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See also: Pinto and pintó

Contents

EnglishEdit

EtymologyEdit

Borrowed from Spanish pinto (painted, mottled).

PronunciationEdit

NounEdit

pinto (plural pintos or pintoes)

  1. A horse with a patchy coloration that includes white.

TranslationsEdit

AdjectiveEdit

pinto (comparative more pinto, superlative most pinto)

  1. Pied, mottled.
    • 1963, Thomas Pynchon, V.:
      While Profane, dreamy, went on to tell of his nights with the Alligator Patrol, and how he’d hunted one pinto beast through Fairing’s Parish; cornered and killed it in a chamber lit by some frightening radiance.

TranslationsEdit

Derived termsEdit

See alsoEdit

AnagramsEdit


Bikol CentralEdit

NounEdit

pinto

  1. door

CatalanEdit

VerbEdit

pinto

  1. first-person singular present indicative form of pintar

EsperantoEdit

PronunciationEdit

  • IPA(key): /ˈpinto/
  • (file)
  • Rhymes: -into

NounEdit

pinto (accusative singular pinton, plural pintoj, accusative plural pintojn)

  1. peak, summit
  2. point (of a pointed star)

Derived termsEdit


GalicianEdit

 
maragota (above) and pinto (below)

EtymologyEdit

From a Proto-Romance (Vulgar Latin *pinctus) variation of Latin pictus, past participle of pingere (to paint).

PronunciationEdit

NounEdit

pinto m (plural pintos)

  1. a spotted variety of Ballan wrasse (Labrus bergylta), locally considered a different species

AdjectiveEdit

pinto m (feminine singular pinta, masculine plural pintos, feminine plural pintas)

  1. mottled, variegated

VerbEdit

pinto

  1. first-person singular present indicative of pintar

ReferencesEdit

  • pinto” in Dicionario de Dicionarios do galego medieval, SLI - ILGA 2006-2012.
  • pinto” in Dicionario de Dicionarios da lingua galega, SLI - ILGA 2006-2013.
  • pinto” in Tesouro informatizado da lingua galega. Santiago: ILG.
  • pinto” in Álvarez, Rosario (coord.): Tesouro do léxico patrimonial galego e portugués, Santiago de Compostela: Instituto da Lingua Galega.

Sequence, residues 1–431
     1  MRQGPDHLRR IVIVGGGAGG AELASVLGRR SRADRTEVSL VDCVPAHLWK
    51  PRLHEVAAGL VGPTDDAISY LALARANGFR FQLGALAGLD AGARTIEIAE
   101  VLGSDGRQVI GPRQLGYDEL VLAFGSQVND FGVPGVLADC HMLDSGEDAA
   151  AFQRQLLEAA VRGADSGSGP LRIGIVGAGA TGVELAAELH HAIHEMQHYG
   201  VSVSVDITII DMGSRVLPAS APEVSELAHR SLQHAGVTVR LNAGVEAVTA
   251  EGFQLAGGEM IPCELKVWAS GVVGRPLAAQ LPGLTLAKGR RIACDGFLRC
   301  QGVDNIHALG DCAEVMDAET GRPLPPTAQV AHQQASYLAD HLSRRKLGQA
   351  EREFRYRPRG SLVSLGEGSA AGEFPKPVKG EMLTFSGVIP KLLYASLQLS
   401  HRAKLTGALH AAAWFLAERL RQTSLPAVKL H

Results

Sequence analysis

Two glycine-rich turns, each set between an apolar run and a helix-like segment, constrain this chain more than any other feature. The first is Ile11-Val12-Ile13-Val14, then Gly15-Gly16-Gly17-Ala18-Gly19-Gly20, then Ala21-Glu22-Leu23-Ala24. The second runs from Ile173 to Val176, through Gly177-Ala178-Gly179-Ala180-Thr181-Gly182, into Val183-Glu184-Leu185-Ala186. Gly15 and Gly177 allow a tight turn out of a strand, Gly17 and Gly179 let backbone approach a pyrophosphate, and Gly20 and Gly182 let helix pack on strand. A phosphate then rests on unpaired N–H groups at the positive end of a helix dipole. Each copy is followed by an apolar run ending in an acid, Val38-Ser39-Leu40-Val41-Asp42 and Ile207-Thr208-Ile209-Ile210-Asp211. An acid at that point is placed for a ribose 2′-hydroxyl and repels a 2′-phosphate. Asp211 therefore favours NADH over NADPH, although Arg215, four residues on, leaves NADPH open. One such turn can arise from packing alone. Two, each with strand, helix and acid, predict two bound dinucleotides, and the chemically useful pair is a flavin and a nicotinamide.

ItalianEdit

EtymologyEdit

Probably from a Vulgar Latin *pinctus, formed analogically as the past participle of *pingo, from Latin pango. See spinto.

VerbEdit

pinto m (feminine singular pinta, masculine plural pinti, feminine plural pinte)

  1. past participle of pingere

AnagramsEdit


JapaneseEdit

RomanizationEdit

pinto

  1. Rōmaji transcription of ピント

NeapolitanEdit

NounEdit

pinto m (please add the plural)

  1. turkey
    Synonyms: gallarinio, galledinio

PortugueseEdit

EtymologyEdit

  This entry lacks etymological information. If you are familiar with the origin of this term, please add it to the page per etymology instructions, or discuss it at the Etymology scriptorium.

PronunciationEdit

NounEdit

pinto m (plural pintos)

  1. (zoology) chick (young chicken)
    Synonym: pito
  2. (vulgar, Brazil) penis

VerbEdit

pinto

  1. first-person singular (eu) present indicative of pintar
    Eu pintoI paint
    Pinto sempre à noite.I always paint at night.

SpanishEdit

EtymologyEdit

From a Proto-Romance (Vulgar Latin *pinctus) variation of Latin pictus, past participle of pingere (to paint).

PronunciationEdit

  • IPA(key): /ˈpinto/, [ˈpĩn̪t̪o]

AdjectiveEdit

pinto (feminine singular pinta, masculine plural pintos, feminine plural pintas)

  1. (Latin America) spotted, pinto, mottled, blotchy
  2. (Caribbean) clever, cunning
  3. (Caribbean) drunk
  4. (Costa Rica) A meal served for lunch or dinner based on gallo pinto but also with a type of meat and possibly some extras.

Derived termsEdit

Related termsEdit

See alsoEdit

VerbEdit

pinto

  1. First-person singular (yo) present indicative form of pintar.

AnagramsEdit


TagalogEdit

NounEdit

pintô

  1. door